Sometimes something simple will surprise you with the thoughts it unlocks, the change it creates in your thinking.
One in particular - God of the precipices - stayed with me, buried itself in my mind and invited me to rethink a metaphor I have used often.
Let me back up. I have depression and anxiety. Sometimes they are just background noise. And sometimes I have major depressive episodes that last months or even years.
My most recent major depression started sometime around my second year at my current call. Thankfully, I already had a therapist. Still, even with regular appointments, it took me longer than I want to admit to realize how bad my depression had gotten.
One day I was finally able to name to her that I needed to reconsider medication. My history with anti-depressants had been less than positive so it was a big step for me to say I was more worried about my depression symptoms than possible medication side effects.
Fast forward six to eight months later, after waiting for an open appointment and slowly increasing my new medication (I am very thankful for compassionate medical professionals that understand med anxiety). When it reached therapeutic levels, I described the experience as feeling as if my mind and emotions were waking up with a pins and needles sensation like when your leg falls asleep.
After being in the numb stage of depression for months, *feeling* things was weird and scary. And what scared me most was any sad or negative feeling. I could cry again but I was afraid to let myself - what if I can't stop?
What if I start feeling sad and just stay that way?
What if I fall back in the deep, shadowy hole of depression?
Several years later, depression and anxiety managed by meds and therapy, that fear remains. At times, it makes being present with my own emotions difficult. I still wonder if disappointment will become despair, if loneliness will become isolation, if grief will become depression.
In therapy and with friends, I talk about being afraid of falling over the edge, of getting stuck and not being able to climb back out.*
As someone who was an emotional, "sensitive" child who cried often and easily, this new reality is still disconcerting to me. I *want* to not be afraid of my emotions. I want tears to come when I need them.
And so as I colored the small portion of that picture that was the waterfall, I prayed "God of the precipices" and I thought about how beautiful, majestic, awe-inspiring waterfalls are.
My love for the mountains is in no small part related to the image and sound of North Carolina mountain creeks. Of watching water flow over and down the sides of rocks, winding its way down and around with the most calming noise.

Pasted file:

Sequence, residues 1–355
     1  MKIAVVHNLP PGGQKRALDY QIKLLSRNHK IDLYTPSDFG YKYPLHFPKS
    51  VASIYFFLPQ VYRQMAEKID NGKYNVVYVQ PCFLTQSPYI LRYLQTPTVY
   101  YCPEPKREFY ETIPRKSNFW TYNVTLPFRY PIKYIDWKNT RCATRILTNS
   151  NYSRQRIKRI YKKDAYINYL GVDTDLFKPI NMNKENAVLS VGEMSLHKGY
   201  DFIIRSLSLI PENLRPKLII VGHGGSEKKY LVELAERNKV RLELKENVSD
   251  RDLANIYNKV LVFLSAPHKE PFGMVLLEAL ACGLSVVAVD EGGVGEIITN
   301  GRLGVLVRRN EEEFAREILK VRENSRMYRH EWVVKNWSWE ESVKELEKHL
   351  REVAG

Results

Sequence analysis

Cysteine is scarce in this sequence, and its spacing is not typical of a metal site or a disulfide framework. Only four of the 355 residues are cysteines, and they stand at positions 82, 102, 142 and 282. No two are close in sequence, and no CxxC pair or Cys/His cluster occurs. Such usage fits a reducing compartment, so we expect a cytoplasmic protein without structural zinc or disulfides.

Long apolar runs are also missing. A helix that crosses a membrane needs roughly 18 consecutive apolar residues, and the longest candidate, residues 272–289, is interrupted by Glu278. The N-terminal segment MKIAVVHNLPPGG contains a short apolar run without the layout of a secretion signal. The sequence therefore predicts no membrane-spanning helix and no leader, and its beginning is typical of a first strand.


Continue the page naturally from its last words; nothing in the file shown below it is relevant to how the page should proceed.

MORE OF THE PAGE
Later that day, I sat by one of those creeks I love so much. Listening, watching, thinking. Returning to the God of precipices.
A few years ago, while in the mountains for a family reunion, we went on a hike, spurred on by the waterfall that waited for us at the end. While the waterfall was beautiful (see picture), it was also an unforgivable disappointment for one of my nieces because she couldn't play in it! I felt her pain. I understood the desire to experience a waterfall up close and personal, to feel the water as it changed elevations, and revel in the joy of cool mountain water. It was the same desire that led my family to board a boat outfitted in blue ponchos to experience Niagara Falls up close and personal when I was 10 years old.
With this prayer to the God of precipices, remembering the awe of waterfalls through a child's eyes, the sights and sounds of the creek, came the realization that sometimes a drop, a change, creates something remarkable.** Something to experience and not just observe.
Maybe it's time for me to stop thinking of sadness, grief, disappointment, loneliness as the trap door into the unseen terror of a mine shaft. Maybe it's time to start seeing them as I see the water flow in a creek or over a waterfall. Part of the journey. Not the end, not a trap. Just the flow of life. A part of God's wondrous creation.
Maybe, if I'm not as afraid of the fall, I'll also be more open to happiness, joy, excitement. My least favorite part of a roller coaster is the slow climb to the top. For a similar reason, the fear of climbing too high - because it just means a longer fall - also mutes my ability to feel and experience life.
True, sometimes the drop has seemed more like Niagara Falls. But I have always survived. Maybe with some bruises and scars, but eventually life, and my emotions, level out again.
When I have been numb from prolonged depression, when I have sought equilibrium instead of authenticity in my emotions, my life has been lesser for it.
God of precipices,
when falling over the edge
is a beautiful opportunity,
help me let go of fear,
and with courage
*Enter overused story found in multiple places of the guy who falls in a hole, see The West Wing Season 2 Episode 10 "Noel"
**Not always. Sometimes. Not every horrible experience, mental health struggle, or immense grief or anger has a silver lining. And there are those who don't survive. Like every metaphor, this one is not perfect or universal.